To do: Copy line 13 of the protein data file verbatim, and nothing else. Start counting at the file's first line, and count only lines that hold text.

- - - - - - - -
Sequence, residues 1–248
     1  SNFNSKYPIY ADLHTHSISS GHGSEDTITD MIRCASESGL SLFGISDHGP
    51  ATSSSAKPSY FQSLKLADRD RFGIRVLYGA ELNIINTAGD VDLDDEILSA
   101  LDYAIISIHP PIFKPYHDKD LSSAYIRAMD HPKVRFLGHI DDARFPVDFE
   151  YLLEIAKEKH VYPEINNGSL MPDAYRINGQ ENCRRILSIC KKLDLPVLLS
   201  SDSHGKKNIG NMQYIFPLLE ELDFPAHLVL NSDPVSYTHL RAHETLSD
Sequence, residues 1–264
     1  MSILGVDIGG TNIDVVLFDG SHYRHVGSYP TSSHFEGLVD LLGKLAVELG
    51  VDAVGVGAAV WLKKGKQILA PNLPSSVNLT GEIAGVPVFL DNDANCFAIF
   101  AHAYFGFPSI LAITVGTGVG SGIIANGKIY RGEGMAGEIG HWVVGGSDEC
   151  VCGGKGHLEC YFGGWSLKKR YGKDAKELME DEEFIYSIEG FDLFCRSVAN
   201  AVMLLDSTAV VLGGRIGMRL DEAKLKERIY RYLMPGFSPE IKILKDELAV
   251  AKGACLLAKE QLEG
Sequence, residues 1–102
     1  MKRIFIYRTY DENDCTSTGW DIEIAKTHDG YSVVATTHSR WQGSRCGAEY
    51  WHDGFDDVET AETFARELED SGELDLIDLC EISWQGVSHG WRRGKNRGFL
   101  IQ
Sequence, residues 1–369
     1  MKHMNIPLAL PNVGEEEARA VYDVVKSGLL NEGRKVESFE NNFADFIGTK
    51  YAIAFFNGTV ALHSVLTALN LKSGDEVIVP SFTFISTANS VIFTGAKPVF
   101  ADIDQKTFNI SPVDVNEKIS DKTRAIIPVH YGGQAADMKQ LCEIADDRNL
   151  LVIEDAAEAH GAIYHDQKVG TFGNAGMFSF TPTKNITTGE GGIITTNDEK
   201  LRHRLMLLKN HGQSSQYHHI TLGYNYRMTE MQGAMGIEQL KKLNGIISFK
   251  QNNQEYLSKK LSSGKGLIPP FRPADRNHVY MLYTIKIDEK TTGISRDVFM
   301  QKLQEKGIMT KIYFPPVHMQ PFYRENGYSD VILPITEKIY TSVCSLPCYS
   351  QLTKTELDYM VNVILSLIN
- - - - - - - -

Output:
   251  AKGACLLAKE QLEG